Overview and responsible governmental entities

The exponential growth and economic prosperity of the Macau Special Administrative Region (the “MSAR”, “Region” and “Macau”) in the last few decades have brought a wave of business and investors to the Region, and with them an increasing demand for work, residency and stay authorizations.

In general terms, no person is allowed to stay in the MSAR without either an Authorization to Stay, a Special Stay Permit, a Special Authorization to Stay, an Extension of Stay or a Residency Authorization.

As for the handling of the procedures, there are four main governmental entities responsible for issuing authorizations related to residency, work and stay in Macau: the Trade and Investment Promotion Institute (“IPIM”), the Residence and Stay Affairs Department of the Public Security Police Force (“PSP”) and the Identification Services Bureau (“DSI”) and the Labour Affairs Department (“DSAL”) – each of them playing a defining role in the Region’s Immigration.


Entry and Stay in the MSAR

According to the Region’s legal framework, non-residents are required to possess a valid passport and an “Entry Permit” or a “Visa” to enter into Macau, in accordance with Administrative Regulation No. 5/2003 (Regulations of Entry, Stay and Residence Authorization). There are however a few exceptions, such as individuals making use of the Macao International Airport for transit up to 48 hours, to other destinations, who are able to enter and stay in Macao without the said documents.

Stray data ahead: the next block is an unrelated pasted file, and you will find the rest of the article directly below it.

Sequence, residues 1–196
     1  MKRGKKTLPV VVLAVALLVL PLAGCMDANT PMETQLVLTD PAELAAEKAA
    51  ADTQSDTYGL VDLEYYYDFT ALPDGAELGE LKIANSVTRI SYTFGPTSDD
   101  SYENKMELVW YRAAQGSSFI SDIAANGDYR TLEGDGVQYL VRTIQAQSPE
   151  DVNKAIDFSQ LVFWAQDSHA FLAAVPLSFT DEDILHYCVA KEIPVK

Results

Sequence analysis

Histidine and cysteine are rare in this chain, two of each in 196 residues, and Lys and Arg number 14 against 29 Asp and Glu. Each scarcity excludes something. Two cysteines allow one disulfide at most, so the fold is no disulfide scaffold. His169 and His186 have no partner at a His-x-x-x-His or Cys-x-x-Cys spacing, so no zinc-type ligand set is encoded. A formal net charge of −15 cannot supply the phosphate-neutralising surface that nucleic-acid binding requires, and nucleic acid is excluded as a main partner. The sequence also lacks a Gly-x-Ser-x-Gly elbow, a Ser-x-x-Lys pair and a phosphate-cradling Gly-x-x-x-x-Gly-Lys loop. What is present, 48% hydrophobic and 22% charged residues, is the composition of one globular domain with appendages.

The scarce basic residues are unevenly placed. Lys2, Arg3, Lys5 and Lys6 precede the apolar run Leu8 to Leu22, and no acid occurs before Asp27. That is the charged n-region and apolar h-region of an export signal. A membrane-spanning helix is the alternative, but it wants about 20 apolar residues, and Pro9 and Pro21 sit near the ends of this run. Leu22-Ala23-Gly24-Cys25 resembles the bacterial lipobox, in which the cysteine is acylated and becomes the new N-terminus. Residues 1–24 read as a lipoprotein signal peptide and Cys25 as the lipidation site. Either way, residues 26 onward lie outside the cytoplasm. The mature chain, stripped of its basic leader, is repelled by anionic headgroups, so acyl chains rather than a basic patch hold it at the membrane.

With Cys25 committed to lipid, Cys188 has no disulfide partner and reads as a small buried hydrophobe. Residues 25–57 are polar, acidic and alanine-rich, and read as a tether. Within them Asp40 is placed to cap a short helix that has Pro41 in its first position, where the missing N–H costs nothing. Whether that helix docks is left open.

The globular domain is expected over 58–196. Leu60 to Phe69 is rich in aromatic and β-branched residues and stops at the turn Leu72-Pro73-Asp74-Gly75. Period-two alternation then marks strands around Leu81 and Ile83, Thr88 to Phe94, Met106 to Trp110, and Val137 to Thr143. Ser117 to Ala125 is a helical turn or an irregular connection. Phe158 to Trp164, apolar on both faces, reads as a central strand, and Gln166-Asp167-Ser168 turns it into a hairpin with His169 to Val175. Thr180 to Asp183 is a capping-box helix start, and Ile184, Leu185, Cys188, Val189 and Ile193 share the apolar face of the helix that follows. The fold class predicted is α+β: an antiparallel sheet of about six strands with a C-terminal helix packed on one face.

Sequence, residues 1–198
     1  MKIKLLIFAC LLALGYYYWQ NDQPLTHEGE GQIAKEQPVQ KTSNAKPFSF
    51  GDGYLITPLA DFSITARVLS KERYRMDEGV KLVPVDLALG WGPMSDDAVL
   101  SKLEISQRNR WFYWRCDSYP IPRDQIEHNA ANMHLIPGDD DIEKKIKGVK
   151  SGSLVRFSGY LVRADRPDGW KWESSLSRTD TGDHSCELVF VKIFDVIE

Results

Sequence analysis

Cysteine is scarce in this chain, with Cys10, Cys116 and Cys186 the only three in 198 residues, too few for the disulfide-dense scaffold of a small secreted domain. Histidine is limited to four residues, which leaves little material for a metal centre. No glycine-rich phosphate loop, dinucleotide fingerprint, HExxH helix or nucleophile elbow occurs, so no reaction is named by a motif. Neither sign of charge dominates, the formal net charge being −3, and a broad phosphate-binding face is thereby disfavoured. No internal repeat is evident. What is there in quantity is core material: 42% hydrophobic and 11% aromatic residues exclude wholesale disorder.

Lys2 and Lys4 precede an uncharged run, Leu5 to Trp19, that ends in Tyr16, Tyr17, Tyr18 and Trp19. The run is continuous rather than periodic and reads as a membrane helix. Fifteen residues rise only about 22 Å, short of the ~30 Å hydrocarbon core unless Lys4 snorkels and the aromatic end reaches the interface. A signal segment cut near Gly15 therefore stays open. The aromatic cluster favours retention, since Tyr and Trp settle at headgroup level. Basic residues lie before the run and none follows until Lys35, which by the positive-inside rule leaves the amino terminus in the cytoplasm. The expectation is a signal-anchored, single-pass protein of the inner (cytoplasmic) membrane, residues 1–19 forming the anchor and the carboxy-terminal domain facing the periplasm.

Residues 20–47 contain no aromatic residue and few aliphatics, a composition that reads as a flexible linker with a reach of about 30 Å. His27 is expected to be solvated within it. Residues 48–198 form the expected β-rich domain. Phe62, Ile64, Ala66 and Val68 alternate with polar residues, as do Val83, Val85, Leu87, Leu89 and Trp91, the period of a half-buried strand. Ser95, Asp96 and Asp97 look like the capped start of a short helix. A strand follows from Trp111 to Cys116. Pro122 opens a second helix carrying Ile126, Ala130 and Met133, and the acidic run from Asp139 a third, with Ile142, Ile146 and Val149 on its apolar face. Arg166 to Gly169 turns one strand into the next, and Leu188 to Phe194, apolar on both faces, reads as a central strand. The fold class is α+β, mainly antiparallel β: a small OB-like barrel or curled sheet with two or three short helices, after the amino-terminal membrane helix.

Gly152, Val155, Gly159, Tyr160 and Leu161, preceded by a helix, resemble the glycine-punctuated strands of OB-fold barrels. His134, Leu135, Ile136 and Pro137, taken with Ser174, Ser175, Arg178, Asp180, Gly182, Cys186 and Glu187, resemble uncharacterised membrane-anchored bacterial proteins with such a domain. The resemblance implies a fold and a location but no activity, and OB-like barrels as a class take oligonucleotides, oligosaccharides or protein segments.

On the other hand, individuals who are not exempted from a “Visa” or an “Entry Permit” are granted an authorization to stay for generally 30 days from the date of entry with a “Visa”, an “Entry Permit” or an “Authorization to Enter and Stay”. In these cases, such persons can enjoy multiple entries within the referred 30 days without having to apply for another “Visa”, “Entry Permit” or an “Authorization to Enter and Stay”.


Work in the MSAR: the Blue Cards